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Friday, February 25, 2011

Answer Up Or Face The Consequences

By Gary Beaver

The North Carolina Court of Appeals has addressed the sanctioning of parties for discovery failures in two recent cases. In December 2010, in Lovendahl v. Wicker, 702 S.E.2d 529, the court upheld sanctions ordered against a defendant in a civil case for failing to answer questions at a deposition. The sanctions were imposed under Rule 37(b) of the North Carolina Rules of Civil Procedure which are imposed only for failure to comply with a court order. Defendant had a criminal case pending and was trying to avoid answering questions while the criminal case proceeded. Defendant had asserted two affirmative defenses in the civil case -- contributory negligence and gross contributory negligence -- which the plaintiff had to investigate. Defendant argued that sanction were not appropriate because the plaintiff never moved to compel. However, she had sought a protective order and in denying that motion, the court had ordered her to "submit" to the deposition. Failing to answer questions violated that order and supported the sanction of striking the affirmative defenses.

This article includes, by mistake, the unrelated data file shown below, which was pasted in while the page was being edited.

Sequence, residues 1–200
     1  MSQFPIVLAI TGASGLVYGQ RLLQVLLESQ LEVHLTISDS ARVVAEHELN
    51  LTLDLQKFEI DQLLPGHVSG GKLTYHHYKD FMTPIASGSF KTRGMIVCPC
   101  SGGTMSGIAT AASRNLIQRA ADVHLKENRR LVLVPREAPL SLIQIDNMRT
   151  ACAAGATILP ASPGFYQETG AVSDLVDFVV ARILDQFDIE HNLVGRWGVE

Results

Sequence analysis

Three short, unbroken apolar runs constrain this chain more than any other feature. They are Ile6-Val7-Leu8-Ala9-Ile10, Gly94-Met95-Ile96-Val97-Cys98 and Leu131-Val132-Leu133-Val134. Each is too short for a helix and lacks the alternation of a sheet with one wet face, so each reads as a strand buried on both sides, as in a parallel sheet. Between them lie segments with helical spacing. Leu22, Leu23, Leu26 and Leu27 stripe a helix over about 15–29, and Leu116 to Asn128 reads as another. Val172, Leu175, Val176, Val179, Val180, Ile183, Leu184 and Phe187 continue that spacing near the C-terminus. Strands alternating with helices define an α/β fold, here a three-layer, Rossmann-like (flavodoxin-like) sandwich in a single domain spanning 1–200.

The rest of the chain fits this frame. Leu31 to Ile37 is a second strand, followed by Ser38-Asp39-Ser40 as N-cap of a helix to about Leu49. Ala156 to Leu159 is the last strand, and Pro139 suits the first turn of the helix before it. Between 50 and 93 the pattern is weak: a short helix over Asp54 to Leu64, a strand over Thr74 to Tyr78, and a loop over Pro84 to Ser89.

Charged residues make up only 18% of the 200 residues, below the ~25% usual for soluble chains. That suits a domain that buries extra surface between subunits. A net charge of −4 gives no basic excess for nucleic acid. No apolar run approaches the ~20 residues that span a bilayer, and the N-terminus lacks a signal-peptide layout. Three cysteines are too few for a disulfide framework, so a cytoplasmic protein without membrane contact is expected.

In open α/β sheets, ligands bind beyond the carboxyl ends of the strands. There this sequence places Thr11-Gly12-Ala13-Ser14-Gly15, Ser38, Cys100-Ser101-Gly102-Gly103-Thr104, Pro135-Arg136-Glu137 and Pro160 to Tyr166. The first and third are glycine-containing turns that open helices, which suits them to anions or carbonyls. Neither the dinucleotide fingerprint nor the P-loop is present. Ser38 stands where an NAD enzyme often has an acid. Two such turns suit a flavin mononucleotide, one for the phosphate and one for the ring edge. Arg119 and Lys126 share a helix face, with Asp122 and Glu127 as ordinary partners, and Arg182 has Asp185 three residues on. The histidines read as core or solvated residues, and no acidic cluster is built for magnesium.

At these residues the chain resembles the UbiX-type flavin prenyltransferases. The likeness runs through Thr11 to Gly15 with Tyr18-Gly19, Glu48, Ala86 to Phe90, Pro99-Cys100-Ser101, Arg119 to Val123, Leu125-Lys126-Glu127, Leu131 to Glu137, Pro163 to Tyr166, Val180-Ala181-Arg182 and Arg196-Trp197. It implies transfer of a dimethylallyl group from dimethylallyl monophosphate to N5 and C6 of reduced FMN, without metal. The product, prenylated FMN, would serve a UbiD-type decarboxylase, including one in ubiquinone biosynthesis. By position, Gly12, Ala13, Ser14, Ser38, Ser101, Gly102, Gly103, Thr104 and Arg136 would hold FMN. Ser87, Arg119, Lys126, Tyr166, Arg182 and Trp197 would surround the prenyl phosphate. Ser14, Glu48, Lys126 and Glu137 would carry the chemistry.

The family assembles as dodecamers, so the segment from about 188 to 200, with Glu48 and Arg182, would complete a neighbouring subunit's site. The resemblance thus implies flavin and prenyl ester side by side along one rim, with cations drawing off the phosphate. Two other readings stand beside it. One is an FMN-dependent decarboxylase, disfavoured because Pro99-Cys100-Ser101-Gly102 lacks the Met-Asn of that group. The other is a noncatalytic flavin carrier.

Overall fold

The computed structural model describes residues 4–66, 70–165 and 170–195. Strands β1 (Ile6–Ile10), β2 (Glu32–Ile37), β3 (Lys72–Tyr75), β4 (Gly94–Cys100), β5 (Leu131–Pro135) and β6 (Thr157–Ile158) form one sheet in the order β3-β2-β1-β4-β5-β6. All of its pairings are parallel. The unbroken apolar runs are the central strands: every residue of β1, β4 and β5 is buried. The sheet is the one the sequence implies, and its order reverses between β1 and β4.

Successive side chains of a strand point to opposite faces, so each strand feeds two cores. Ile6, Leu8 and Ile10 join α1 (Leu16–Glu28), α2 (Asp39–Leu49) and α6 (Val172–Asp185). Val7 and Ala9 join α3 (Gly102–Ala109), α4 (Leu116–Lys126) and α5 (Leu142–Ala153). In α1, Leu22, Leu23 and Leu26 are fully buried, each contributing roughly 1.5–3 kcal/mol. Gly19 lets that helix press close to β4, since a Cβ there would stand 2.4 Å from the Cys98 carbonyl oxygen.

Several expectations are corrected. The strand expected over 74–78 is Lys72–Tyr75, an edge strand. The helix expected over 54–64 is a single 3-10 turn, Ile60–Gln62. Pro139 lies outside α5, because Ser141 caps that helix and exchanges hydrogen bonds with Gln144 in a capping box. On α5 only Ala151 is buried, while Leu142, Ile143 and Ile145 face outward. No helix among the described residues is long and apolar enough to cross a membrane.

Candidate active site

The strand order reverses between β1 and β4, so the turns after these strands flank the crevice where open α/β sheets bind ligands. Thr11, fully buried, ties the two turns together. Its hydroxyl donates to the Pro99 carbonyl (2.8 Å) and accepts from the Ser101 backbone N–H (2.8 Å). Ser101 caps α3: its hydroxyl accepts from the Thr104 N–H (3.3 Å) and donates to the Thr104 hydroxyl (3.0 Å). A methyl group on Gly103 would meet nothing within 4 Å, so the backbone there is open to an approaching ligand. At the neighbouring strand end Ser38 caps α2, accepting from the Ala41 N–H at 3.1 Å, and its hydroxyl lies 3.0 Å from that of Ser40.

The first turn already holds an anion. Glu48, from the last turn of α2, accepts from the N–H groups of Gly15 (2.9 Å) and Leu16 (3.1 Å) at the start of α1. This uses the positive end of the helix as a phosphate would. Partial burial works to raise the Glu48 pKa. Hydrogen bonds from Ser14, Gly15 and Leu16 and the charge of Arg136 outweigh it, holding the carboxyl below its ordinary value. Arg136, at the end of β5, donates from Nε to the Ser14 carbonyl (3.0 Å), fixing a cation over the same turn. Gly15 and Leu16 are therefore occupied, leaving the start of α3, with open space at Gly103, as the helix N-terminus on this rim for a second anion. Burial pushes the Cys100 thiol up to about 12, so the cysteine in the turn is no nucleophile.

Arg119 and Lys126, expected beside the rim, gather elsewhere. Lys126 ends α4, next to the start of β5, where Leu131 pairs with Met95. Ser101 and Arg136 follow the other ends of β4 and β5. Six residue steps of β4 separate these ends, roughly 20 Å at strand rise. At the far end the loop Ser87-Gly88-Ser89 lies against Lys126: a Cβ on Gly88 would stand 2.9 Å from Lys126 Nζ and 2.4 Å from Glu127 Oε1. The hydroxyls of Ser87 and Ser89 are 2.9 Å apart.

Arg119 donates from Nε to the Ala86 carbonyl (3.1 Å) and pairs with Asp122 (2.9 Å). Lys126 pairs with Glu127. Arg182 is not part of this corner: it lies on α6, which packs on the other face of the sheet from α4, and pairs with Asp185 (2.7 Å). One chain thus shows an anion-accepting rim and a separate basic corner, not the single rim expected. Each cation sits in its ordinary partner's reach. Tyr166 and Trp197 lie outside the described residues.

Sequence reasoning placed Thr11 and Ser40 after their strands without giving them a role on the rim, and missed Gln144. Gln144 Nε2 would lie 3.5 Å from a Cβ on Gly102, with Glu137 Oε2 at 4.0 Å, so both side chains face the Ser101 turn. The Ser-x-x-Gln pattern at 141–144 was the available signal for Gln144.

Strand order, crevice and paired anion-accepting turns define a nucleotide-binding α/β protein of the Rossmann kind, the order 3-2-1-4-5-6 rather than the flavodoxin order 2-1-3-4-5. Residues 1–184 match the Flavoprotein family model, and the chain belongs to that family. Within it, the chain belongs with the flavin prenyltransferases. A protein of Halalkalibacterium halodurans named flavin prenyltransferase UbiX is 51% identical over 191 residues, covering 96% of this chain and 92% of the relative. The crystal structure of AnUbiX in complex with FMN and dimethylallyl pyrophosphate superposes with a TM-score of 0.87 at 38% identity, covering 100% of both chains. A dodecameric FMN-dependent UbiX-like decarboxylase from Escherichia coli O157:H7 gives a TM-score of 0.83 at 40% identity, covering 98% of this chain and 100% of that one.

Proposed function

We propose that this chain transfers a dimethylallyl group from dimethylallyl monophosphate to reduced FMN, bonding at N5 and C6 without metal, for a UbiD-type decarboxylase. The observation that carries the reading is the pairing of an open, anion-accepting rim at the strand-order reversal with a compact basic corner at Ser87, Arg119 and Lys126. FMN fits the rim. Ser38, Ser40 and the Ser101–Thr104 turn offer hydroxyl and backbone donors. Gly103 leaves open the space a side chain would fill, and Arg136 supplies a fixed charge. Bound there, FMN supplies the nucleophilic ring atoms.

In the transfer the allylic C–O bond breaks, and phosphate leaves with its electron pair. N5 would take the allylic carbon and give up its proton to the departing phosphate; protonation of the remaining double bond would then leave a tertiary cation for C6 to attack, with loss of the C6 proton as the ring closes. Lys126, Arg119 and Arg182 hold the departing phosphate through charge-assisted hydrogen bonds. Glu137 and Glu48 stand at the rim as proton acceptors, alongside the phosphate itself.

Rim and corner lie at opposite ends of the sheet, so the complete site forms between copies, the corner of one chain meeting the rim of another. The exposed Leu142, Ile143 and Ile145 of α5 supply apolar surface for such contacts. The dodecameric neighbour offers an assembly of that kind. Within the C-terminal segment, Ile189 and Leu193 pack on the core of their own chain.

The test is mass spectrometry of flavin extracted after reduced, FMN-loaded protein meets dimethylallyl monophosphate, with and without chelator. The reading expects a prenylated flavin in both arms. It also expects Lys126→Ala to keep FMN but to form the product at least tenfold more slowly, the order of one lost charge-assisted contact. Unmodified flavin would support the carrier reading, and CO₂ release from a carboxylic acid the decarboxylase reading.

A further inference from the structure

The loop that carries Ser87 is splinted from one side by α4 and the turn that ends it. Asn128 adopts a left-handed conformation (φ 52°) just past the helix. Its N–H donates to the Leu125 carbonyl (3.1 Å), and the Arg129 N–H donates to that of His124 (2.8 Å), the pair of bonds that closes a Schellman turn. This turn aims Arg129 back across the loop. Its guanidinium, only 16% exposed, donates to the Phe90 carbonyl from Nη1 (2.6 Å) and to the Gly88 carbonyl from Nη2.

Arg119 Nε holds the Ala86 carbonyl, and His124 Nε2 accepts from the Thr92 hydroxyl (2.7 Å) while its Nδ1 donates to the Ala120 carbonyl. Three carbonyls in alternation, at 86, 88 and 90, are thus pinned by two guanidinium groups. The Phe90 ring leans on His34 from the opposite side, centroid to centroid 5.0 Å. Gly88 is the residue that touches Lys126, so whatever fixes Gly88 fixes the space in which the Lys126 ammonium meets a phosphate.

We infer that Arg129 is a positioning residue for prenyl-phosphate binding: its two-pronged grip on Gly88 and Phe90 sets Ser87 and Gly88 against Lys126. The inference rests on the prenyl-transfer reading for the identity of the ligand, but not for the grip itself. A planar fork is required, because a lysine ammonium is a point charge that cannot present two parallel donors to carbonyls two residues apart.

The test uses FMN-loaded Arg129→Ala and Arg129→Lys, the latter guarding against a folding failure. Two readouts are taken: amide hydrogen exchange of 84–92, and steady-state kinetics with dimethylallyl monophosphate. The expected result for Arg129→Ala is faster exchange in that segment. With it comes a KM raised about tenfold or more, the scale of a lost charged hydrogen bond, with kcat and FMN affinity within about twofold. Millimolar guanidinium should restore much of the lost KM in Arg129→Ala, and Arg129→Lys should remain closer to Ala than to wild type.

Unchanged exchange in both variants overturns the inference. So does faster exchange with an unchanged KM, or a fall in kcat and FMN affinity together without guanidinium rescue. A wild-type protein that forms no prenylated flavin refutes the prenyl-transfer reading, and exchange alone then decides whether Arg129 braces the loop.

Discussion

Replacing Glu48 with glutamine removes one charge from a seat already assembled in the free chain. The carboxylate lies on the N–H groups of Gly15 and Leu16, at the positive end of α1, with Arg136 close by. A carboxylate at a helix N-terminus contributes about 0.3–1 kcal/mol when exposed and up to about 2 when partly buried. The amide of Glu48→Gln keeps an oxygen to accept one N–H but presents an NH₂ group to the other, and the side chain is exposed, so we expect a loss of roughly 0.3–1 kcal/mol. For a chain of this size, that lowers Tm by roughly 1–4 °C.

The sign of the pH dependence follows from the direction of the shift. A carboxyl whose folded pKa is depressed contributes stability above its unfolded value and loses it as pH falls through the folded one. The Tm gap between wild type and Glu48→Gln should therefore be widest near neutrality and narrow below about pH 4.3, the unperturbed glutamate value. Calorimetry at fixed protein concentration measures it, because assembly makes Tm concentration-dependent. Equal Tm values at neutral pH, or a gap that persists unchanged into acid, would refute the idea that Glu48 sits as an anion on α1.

In January 2011, in First Mount Vernon Industrial Loan Assovication v. Prodev XXII, LLC, the court affirmed a finding that a nonparty witness was in contempt of court for failing to appear for a deposition after being properly served with a subpoena. However, the court reversed the trial court's imposition of monetary sanctions based on Rule 37(d) of the North Carolina Rules of Civil Procedure because that rule applies to parties. The court noted that if the motions against the witness had been motions to compel, the trial court could have granted those motions and imposed attorneys' fees and expenses under Rule 37(a)(4). Rule 45(e)(2) provides for attorney fees against a witness who opposes a subpoena and the opposition is unreasonable or for improper purposes such as delay but the witness never objected to or moved to quash the subpoena. The court suggested that the General Assembly may want to address this situation to allow imposition of fees and expenses where a witness remains opposes only by not showing up for the deposition.

The courts will act with their full authority to require discovery but they will not exceed the specific authorization they have to impose sanctions.

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